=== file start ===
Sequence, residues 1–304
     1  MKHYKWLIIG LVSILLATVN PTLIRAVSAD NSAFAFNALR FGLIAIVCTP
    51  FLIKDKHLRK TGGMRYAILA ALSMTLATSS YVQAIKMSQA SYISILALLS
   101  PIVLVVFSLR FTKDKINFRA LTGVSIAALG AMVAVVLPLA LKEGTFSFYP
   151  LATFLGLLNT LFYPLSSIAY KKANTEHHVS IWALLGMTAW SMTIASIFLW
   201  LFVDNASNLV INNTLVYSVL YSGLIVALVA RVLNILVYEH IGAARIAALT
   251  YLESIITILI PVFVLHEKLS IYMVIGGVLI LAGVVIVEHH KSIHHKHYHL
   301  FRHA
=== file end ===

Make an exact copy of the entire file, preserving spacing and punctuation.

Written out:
Sequence, residues 1–304
     1  MKHYKWLIIG LVSILLATVN PTLIRAVSAD NSAFAFNALR FGLIAIVCTP
    51  FLIKDKHLRK TGGMRYAILA ALSMTLATSS YVQAIKMSQA SYISILALLS
   101  PIVLVVFSLR FTKDKINFRA LTGVSIAALG AMVAVVLPLA LKEGTFSFYP
   151  LATFLGLLNT LFYPLSSIAY KKANTEHHVS IWALLGMTAW SMTIASIFLW
   201  LFVDNASNLV INNTLVYSVL YSGLIVALVA RVLNILVYEH IGAARIAALT
   251  YLESIITILI PVFVLHEKLS IYMVIGGVLI LAGVVIVEHH KSIHHKHYHL
   301  FRHA